1. Directed or facing toward the back or rear.
2. Done or arranged in a manner or order that is opposite to previous occurrence or normal use.
3. Unwilling to act; reluctant; shy.
4. Behind others in progress or development: The technology was backward, but the system worked.
adv. or back·wards (-wərdz)
1. To or toward the back or rear.
2. With the back leading.
3. In a reverse manner or order.
4. To, toward, or into the past.
5. Toward a worse or less advanced condition.
Usage Note: Most American English dictionaries list -wards as a spelling variant of the directional suffix -ward. Accordingly, two variants are provided for most of the adverbs that end with this suffix: backward/backwards, toward/towards, upward/upwards, and so on. Although both variants are considered acceptable, the -ward suffix is more common in American English, whereas the -wards suffix is more common in British English. This distinction is more prominent in edited prose than in casual writing or speech, possibly because many American copyeditors follow style manuals that recommend or prescribe the -ward variant. Despite this dialectal differentiation, there remains significant variation in usage among individuals and even among the different -ward words themselves. This variation is evident in the results from our 2012 usage survey: backwards and towards were deemed acceptable by 72 percent and 69 percent of Panelists, respectively, but only 38 percent found forwards to be acceptable. Note that for those -ward words that also function as adjectives, the form without the s is standard: a backward look; a westward journey.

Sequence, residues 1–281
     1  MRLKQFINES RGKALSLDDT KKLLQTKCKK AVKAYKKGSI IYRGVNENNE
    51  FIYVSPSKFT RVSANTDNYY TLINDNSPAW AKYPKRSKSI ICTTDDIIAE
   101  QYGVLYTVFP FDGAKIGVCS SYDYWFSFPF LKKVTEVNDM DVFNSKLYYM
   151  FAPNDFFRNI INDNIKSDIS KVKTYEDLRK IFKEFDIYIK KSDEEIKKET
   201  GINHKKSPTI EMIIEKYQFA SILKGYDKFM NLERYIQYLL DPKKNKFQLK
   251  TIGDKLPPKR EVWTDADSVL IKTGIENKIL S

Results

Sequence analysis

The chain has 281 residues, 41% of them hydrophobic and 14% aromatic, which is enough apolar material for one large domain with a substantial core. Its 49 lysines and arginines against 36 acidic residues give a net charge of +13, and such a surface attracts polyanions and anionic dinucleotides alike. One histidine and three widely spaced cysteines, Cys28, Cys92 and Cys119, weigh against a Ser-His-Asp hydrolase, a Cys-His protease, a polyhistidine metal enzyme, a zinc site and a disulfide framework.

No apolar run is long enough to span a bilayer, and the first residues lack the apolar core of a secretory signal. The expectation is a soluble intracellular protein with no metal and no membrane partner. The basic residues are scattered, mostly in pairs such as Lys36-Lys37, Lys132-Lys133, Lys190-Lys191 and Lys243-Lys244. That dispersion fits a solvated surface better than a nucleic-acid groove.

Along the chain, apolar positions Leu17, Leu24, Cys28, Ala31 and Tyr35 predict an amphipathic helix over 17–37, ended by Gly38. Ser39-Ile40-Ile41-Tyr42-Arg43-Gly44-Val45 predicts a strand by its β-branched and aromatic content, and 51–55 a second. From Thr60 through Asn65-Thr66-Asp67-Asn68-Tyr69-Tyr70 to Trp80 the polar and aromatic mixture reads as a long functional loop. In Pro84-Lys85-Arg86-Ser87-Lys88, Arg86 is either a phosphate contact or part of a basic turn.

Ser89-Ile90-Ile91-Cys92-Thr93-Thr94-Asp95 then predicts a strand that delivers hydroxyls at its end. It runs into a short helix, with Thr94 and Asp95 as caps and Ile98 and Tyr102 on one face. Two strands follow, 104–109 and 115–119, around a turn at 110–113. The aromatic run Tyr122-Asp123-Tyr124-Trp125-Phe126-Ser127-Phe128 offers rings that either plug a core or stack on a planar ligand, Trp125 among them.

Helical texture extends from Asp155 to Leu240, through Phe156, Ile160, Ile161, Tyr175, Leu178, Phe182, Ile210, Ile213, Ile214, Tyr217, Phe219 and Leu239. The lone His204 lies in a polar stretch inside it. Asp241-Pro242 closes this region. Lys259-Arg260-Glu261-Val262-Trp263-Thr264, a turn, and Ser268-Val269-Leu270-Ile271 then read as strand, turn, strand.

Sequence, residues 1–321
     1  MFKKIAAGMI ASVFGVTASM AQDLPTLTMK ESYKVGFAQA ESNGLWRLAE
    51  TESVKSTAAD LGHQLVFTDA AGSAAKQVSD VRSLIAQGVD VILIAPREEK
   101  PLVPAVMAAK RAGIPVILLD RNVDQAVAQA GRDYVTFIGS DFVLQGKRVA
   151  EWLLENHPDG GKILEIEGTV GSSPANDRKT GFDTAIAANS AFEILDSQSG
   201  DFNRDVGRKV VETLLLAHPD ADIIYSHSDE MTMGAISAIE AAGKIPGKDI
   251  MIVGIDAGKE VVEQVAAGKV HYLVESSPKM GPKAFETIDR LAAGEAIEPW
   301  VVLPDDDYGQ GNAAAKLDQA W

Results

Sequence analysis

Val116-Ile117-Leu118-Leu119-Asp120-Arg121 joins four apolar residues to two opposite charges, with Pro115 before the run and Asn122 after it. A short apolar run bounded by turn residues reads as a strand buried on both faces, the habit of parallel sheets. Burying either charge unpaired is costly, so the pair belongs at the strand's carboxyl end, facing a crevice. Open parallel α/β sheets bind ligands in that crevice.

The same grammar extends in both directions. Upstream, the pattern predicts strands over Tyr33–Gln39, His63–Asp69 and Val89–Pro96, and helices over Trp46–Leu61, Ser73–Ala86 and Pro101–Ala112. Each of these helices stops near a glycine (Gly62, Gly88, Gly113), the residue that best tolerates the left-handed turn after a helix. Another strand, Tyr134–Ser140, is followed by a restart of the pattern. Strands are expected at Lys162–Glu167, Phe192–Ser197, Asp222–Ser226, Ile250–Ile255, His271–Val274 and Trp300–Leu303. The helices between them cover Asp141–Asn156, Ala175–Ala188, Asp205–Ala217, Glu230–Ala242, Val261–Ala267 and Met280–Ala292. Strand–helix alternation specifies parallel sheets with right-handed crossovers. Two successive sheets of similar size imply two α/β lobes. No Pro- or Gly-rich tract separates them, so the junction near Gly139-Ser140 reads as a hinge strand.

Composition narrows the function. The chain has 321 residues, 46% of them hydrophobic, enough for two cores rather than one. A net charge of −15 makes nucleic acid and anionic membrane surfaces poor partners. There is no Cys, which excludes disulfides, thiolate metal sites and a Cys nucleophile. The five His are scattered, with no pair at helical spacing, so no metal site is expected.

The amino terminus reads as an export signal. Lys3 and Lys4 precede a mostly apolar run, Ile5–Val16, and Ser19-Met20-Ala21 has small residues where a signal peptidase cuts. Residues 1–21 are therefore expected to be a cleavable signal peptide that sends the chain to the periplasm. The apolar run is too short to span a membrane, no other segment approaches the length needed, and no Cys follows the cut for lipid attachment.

The American Heritage® Dictionary of the English Language, Fifth Edition copyright ©2018 by Houghton Mifflin Harcourt Publishing Company. All rights reserved.
Indo-European & Semitic Roots Appendices
Thousands of entries in the dictionary include etymologies that trace their origins back to reconstructed proto-languages. You can obtain more information about these forms in our online appendices:
The Indo-European appendix covers nearly half of the Indo-European roots that have left their mark on English words. A more complete treatment of Indo-European roots and the English words derived from them is available in our Dictionary of Indo-European Roots.